Staff intercept varies with distance between staff and instruments, which forms base Diaphragm of tacheometer is provided with two stadia hair (upper and lower) Telescope is directed towards the staff held at a point whose distance from instruments is to be found Difference in these readings gives staff intercept Horizontal distance is obtained by multiplying staff intercept by multiplying constant Two Methods 1.Fixed hair 2.Movable Hair Method Sivapriya Vijayasimhan

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Subtense Method Reverse of stadia method 2. Staff intercept forms fixed base 3. Tacheometric angle according with staff position Fixed Base : fixed distance between two tangents or vanes Interval between the stadia wires is changed till lines of sight coincide with tangents and the subtended angle is noted Base may be vertical or Horizontal Base Vertical : Movable Hair method or Vertical base subtense method Vertical angle is measured with the help of special diaphragm – high accuracy Base Horizontal : Horizontal base subtense method Horizontal angle is measured by method of repetition using Transient theodolite example: Subtense bar method Sivapriya Vijayasimhan

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**Principle of Tacheometer**

Based on Isoscales Triangle Ratio of 𝑫𝒊𝒔𝒕𝒂𝒏𝒄𝒆 𝒐𝒇 𝒃𝒂𝒔𝒆 𝒇𝒓𝒐𝒎 𝒂𝒑𝒆𝒙 𝑳𝒆𝒏𝒈𝒕𝒉 𝒐𝒇 𝒕𝒉𝒆 𝒃𝒂𝒔𝒆 =𝑪𝒐𝒏𝒔𝒕𝒂𝒏𝒕 𝑫𝟏 𝑺𝟏 = 𝑫𝟐 𝑺𝟐 = 𝑫𝟑 𝑺𝟑 = 𝒇 𝒊 =𝒄𝒐𝒏𝒔𝒕𝒂𝒏𝒕 (𝒌) k = ½ cot β/2 f – focal length i- stadia intercept S3 S1 S2 A O’ B’ i β A’ D1 B D2 D3 O Q P R Sivapriya Vijayasimhan

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**Tacheometer must essentially incorporate the following features:**

The multiplying constant should have a nominal value of 100 and the error contained in this value should not exceed 1 in 1000. The axial horizontal line should be exactly midway between the other two lines. The telescope should be truly anallactic. The telescope should be powerful having a magnification of 20 to 30 diameters. The aperture of the objective should be 35 to 45 mm in diameter to have a sufficiently bright image. For small distances (say upto 100 meters), ordinary levelling staff may be used. For greater distances a stadia rod may be used. A stadia rod is usually of one piece, having 3 – 5 meters length. A stadia rod graduated in 5 mm (i.e m) for smaller distances and while for longer distances, the rod may be graduated in 1 cm (i.e m). Sivapriya Vijayasimhan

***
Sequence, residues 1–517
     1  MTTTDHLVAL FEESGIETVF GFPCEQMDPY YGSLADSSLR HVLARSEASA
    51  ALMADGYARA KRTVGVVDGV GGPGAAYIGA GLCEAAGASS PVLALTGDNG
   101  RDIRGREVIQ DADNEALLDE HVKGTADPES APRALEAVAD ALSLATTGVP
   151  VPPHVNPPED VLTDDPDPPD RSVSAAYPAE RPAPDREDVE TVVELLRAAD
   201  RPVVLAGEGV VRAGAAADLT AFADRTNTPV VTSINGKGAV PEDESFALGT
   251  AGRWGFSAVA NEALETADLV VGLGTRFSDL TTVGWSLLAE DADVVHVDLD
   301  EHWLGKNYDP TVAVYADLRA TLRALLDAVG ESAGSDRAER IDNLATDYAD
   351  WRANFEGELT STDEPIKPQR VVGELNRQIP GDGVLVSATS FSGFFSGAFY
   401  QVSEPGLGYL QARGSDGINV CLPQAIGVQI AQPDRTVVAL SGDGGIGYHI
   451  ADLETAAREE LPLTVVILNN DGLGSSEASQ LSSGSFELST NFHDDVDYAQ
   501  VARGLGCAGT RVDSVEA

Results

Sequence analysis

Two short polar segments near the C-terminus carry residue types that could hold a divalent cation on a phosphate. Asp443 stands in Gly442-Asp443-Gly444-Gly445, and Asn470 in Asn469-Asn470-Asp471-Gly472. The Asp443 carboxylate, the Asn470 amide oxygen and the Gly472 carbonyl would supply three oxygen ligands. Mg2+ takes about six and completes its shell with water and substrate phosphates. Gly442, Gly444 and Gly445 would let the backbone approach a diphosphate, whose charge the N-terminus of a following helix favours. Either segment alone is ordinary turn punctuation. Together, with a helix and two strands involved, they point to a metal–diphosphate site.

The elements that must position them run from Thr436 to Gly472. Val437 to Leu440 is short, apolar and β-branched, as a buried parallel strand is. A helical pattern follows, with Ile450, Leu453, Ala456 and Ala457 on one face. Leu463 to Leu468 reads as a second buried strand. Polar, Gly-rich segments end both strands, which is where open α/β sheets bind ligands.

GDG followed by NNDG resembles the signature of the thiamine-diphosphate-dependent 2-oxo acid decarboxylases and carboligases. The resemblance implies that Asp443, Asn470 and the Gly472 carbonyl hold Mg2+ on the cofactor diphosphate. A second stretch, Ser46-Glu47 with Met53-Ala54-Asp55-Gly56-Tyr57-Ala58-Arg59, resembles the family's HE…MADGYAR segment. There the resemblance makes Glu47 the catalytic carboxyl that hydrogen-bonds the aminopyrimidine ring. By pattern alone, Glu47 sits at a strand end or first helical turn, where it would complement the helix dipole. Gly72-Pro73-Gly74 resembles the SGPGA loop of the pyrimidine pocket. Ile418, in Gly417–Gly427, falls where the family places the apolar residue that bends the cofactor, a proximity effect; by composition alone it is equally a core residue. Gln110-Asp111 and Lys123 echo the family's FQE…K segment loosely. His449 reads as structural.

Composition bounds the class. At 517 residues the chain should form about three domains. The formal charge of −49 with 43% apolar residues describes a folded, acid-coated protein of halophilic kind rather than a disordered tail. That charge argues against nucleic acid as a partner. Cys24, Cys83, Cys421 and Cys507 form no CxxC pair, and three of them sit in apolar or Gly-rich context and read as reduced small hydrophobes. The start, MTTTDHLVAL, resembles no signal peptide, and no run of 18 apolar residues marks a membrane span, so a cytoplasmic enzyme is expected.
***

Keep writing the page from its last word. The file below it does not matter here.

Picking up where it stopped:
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**Common Patterns of Stadia Rods**

10' 7" Common Patterns of Stadia Rods LC of the stadia rods are less than the LC of ordinary Levelling Staff

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Stadia Tacheometry A Object glass O B’ C’ A’ i F V S C }} f d B v u A, B, and C -the points cut by the three lines of sight corresponding to three wires A’, B’ and C’ - top, bottom and axial hairs of the diaphragm i = interval b/w the stadia hairs (stadia interval) – length of image AB = S = staff intercept F= focus f = focal length of the objective V = vertical axis of the instrument v=distance between optical centre and image u= distance between optical centre and staff d= distance between optical centre and vertical axis of instrument Sivapriya Vijayasimhan